Astroscale, the Japanese orbital debris cleanup, and satellite service company, said on July 27 that it would collaborate with rocket manufacturer Mitsubishi Heavy Industries on the space trash cleanup solutions. The Astroscale-launch provider collaboration is substantial. It could help solve the above problems of rocket upper stages remaining in orbit, which the European Space Agency has pinpointed as the most harmful pieces of orbital debris.
One of ESA’s major concerns is the breakup of rocket bodies caused by exploding batteries or propellant tanks. According to a press statement, Mitsubishi Heavy Industries and Astroscale will “collaborate on the technical areas essential to develop sustainable space operations.” “For upper phases, first efforts will entail talks and creation of debris removal methods.”
The agreement with MHI, according to Alison Howlett, is to begin negotiations on “how to assist to a viable space with debris clearance as an option.” We’re looking into future opportunities, such as joint technology advancement or operations, and we don’t have any set plans or timelines at the moment.” The development of orbital debris, or human-made items in orbit that are no longer useful, is a concern that is frequently discussed but for which no alternatives have been developed.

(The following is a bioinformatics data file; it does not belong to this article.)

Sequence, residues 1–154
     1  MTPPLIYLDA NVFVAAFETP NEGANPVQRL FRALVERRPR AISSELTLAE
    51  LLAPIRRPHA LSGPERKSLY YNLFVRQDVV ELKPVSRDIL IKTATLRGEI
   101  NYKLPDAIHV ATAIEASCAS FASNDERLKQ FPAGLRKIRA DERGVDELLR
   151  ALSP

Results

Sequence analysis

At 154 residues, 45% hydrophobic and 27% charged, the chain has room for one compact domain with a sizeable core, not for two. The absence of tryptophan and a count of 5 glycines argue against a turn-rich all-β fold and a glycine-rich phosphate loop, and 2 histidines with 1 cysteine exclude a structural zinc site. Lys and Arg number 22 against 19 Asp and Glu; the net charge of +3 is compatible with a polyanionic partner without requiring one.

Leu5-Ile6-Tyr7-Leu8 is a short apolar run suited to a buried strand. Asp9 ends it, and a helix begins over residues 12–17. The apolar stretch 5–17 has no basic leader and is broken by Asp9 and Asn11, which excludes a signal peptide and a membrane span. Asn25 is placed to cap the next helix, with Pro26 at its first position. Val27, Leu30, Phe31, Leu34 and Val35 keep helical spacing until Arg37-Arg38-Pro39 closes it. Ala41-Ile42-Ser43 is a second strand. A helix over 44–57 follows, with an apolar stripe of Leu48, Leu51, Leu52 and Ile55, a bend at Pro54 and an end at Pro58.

Last month, at the G7 Leaders’ Summit, Canada, France, Germany, the United States, Italy, Japan, the United Kingdom, and the European Union pledged to “take action to address the growing dangers of space debris as our planet’s orbit becomes increasingly crowded.” The US government estimates that there are over 23,000 orbital debris greater than 10 centimeters in diameter and over 500,000 particles. Debris can linger in orbit for thousands of years, posing a collision risk to the growing number of latest satellites launched each year.
According to Pentagon space strategy official John Hill, the Pentagon is committed to reducing the development of orbital debris, but there are currently no plans to remove US upper stages. “The reality is that governments, primarily the Soviet Union and the United States, undertaken much of the space processes for the first few decades of space activity, and the original practices did not take into account the sorts of things you have today concerning debris management,” Hill stated.
The Orbital Debris Mitigation Standard Practices (ODMSP) of the United States Government was established in 2001 in response to the increased existence of orbital debris in a close-Earth space environment. The guidelines were last amended in December of this year. Only the Japanese space agency JAXA as well as the European Space Agency ESA have financed missions to remove trash from orbit thus far.